Chain migration

I’m looking at Monday’s Home Office oral questions… I didn’t make it onto the order paper so I’m looking to see if there’s a question I can ask a supplementary on. Last week I met with Dr Peter Heffer, the new Chair of the Avon and Somerset Police Authority and, separately, with Superintendent Ian Wylie, so there are a few issues arising from those conversati0ns….

Interesting to note that a number of Tory backbenchers have asked the same question – i.e. it’s a whips’ handout – “What steps she [the Home Secretary] is taking to prevent abuse of the family migration route into the UK?” That’s at question 5, 6 and 8. This usually signals that the Government is about to make an announcement on something along those lines, and wants an opportunity to promote it. I might try to come in on that.

There’s no doubt that this is sometimes abused… with ‘chain migration’ flowing from one family member to another and then yet another… But it’s difficult to draw the line between respect for the right to family life and abuse of the system. If, for example, someone gains employment in the UK – because their skills are needed and in short supply within this country – then it’s understandable they might want their children to join them at some point. But what then if they ask for, say, their mother or their sister to join them too, to help with childcare? Or if their elderly parent needs looking after and there are no relatives back home to do so? These are fairly common scenarios. This could also be about marriage, and people bringing spouses here from overseas. Again, this is very common in certain communities. But can the Government dictate that an arranged marriage has to be with someone from this country? You do already have to show that it’s a genuine and subsisting relationship, although sometimes applicants struggle to do this when it has been arranged. They may well not have spent much time together or known each other for very long.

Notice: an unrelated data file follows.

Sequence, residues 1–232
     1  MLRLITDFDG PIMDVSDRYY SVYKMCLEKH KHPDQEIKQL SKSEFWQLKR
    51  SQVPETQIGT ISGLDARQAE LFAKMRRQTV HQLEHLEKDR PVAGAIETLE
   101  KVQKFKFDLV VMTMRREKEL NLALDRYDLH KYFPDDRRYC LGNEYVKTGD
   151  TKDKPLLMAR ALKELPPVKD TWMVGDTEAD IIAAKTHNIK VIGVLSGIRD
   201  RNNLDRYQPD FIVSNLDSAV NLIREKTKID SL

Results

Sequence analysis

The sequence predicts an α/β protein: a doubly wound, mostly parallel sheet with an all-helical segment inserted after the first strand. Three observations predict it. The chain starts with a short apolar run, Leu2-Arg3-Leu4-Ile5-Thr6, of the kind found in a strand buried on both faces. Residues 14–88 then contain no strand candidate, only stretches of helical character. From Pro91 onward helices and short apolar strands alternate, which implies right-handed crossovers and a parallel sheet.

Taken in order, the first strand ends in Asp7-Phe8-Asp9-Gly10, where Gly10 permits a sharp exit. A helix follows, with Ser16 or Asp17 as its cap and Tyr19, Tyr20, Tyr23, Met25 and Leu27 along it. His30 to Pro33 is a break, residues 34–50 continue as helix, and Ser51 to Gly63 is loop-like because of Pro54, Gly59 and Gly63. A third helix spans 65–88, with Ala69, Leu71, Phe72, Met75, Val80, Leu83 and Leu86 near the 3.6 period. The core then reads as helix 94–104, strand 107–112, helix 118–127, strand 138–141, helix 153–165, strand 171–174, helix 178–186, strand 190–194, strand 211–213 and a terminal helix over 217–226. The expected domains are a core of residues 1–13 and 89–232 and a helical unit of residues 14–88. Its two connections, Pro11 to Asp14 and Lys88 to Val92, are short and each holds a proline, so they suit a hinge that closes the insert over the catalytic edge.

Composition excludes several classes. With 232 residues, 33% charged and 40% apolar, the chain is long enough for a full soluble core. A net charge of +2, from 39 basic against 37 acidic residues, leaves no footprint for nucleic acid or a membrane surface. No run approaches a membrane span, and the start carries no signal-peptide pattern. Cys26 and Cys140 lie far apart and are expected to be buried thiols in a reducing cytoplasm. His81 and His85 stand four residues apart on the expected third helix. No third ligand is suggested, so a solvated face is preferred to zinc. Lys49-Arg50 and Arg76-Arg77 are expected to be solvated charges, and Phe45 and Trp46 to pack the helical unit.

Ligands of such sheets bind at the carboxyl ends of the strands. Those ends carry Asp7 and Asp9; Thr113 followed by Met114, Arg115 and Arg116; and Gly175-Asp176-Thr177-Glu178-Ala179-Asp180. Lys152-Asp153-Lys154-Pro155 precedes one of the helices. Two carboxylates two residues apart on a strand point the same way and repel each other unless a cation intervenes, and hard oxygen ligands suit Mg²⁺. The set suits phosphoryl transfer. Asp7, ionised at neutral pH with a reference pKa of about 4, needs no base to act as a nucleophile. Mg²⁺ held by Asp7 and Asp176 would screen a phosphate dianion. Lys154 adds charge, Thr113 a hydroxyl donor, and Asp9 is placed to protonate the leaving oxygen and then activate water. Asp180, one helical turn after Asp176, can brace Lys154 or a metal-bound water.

Oh, and by the way, there is also a ‘no recourse to public funds’ rule, which means that applicants have to show that they would be supported by the person they’re hoping to join, or have a promise of work, so this isn’t about people coming here to get benefits – though they would have access to  public services… It will be interesting to see what the Government has up its sleeve.

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Comments

  • Quietzaple  On September 7, 2011 at 6:43 pm

    Checked the Dully Maul for suggestions?

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